Friday, August 19, 2011

Fwd: Release: Road Closures & Recovery Efforts Underway


Damage Assessments, Road Closures & Recovery Efforts Underway

FLORENCE, AZ – Pinal County Public Works and public safety employees have been hard at work to ensure the safety of the public during and after yesterday's severe storms.  Crews worked overnight to block impassable roads and assist public utilities with safety issues related to downed power lines.
Recovery from the storms is underway in throughout Pinal County.  In some cases, roads cannot be reopened until utility crews can repair damage to their infrastructure.  We will work to ensure that updated information is made available as soon as possible.
Closures as of 10:00 AM Friday, August 19:
San Manuel AreaRiver Road is closed at the San Pedro River crossing
Mammoth AreaCopper Creek Road is closed at the San Pedro River crossing
Arizona CitySunland Gin Road from Harmon Road to Pretzer Road closed due to downed power lines
Harmon Road from Toltec Highway to Estrella Road closed due to downed power lines

San Tan Valley
Hunt Highway from Thistle Trail to Johnson Ranch Boulevard due to downed power lines
Eloy AreaHouser Road from Highway 87 to La Palma Road closed due to high water
Shedd Road from Highway 87 to La Palma Road closed due to high water
La Palma Road from Shedd Road north to Arica Road closed due to high water
Red Rock AreaSasco Road from Hollis Road west to the Pima County line is closed due to wash out at the Santa Cruz River crossing.
How you can help your Public Works staff
Pinal County Public Works is asking residents to contact us at (520) 866-6411 or email us at pcroadmaintenance@pinalcountyaz.gov if there is any debris on county roads or if road repairs are needed. 
NOTE:  For neighborhood roads within master planned communities, please contact your homeowner's association.  If you live in a municipality, please contact your city to report street and road problems.
Please provide the following information:
  • Name of road 
  • Between what cross streets (example: Thistle Road to Johnson Ranch Boulevard)
  • Specifics about the problem (debris in road, tree limbs in road, road flooded or washed out, signs down, traffic signal not functioning, etc.)
  • Your name
  • A phone number to contact you if we need further information
We appreciate your assistance in alerting us to road hazards that would affect the traveling public.

Monday, August 1, 2011

Mosquito Fogging set for Maricopa and San Tan Valley

FLORENCEPinal County Environmental Health Services announced today that adult mosquito fogging will be conducted in Maricopa and San Tan Valley beginning Tuesday, August 2 through Thursday, August 4.  Mosquitoes trapped during routine surveillance for West Nile virus tested positive, resulting in the need to fog the area to prevent transmission of the disease to humans.

 

So far this year, there has not been a reported human case of West Nile virus in Pinal County.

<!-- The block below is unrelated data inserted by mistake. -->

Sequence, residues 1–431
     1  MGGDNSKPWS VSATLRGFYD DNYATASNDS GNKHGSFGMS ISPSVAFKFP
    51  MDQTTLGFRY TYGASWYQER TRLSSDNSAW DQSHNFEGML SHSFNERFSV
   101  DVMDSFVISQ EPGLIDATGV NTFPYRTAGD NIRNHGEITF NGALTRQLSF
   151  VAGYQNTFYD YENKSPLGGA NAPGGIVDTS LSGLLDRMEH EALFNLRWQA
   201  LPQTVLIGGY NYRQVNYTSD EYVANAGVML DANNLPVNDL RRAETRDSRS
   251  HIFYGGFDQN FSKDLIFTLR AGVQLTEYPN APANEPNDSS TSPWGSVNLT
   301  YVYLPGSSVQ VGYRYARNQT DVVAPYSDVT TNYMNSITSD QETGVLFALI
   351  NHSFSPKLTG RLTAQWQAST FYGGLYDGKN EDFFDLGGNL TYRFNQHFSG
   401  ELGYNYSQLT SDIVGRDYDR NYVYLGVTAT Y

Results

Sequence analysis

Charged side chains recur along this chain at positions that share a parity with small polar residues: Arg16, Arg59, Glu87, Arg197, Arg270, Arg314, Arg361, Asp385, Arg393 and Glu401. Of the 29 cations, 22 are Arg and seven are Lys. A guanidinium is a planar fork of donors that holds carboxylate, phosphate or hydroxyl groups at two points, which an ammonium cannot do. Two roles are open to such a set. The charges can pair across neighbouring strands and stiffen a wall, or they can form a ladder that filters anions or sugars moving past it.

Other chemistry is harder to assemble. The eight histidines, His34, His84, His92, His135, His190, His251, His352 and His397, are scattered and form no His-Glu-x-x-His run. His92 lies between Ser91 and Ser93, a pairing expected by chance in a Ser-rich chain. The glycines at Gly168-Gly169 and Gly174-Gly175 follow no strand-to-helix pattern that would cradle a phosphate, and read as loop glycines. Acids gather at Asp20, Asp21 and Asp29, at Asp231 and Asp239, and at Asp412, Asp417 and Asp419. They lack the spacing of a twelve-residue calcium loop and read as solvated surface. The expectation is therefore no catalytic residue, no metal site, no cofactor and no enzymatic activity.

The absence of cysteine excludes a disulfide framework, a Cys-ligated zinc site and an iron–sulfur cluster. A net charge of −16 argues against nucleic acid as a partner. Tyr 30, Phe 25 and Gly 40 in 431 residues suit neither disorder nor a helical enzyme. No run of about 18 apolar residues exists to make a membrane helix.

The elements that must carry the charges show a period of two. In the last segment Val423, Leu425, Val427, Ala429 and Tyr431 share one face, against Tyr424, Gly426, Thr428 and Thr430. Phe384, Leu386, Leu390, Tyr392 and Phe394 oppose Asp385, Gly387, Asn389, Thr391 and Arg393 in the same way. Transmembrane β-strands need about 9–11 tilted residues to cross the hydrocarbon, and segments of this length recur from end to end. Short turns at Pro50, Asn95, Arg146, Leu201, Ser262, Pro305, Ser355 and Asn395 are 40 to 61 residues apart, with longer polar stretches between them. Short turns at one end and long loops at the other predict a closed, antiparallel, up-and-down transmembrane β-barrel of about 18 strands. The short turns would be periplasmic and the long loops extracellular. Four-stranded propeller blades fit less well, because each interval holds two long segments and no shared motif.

08/02/2011 – 08/03/2011 in SAN TAN VALLEY – Area encompasses Bella Vista to the north, Union Pacific Railroad Tracks to the east, Omega Drive to the south and Gantzel Road to the west between the hours of 11:00 pm to Midnight.

 

08/03/2011 – 08/04/2011 in the CITY OF MARICOPA – Area encompasses:  John Wayne Parkway to the east, Sage Brush Drive to the south, Green Road to the west and McDavid Road to the north between the hours of 1:00 am to 5:00 am.      


The pesticide that will be used during fogging is called Anvil.  It is a pre-mixed, ready-to-use product that contains two active ingredients:  Sumithrin (2%) and piperonyl butoxide (2%). Sumithrin is a man-made version of a natural pesticide found in chrysanthemum flowers.  Piperonyl butoxide enhances the ability of Sumithrin to kill mosquitoes.  Anvil is registered with the US Environmental Protection Agency and is effective against the mosquitoes that carry West Nile virus.
 
There are several things that residents can do to reduce exposure during fogging:

  • Close all windows and doors. Air conditioners can still be operated, but if they have vents to bring in outside air, they should be closed.  Turn off evaporative coolers.
  • Stay inside your home.
  • If possible, bring pets inside.
  • Thirty minutes after the end of the scheduled fogging each night, you may resume normal activities.

West Nile virus is transmitted to humans and animals through the bite of an infected mosquito.  West Nile virus can cause severe illness in people and horses, although not everyone who is infected will develop symptoms.  People of all ages can be affected however, the elderly may be more prone to serious illness.  County health officials urge all county residents to "Fight the Bite" and follow these simple personal precautions to avoid mosquitoes and the diseases they may carry:

  • Avoid outside activity between dusk and dawn, when mosquitoes are most active.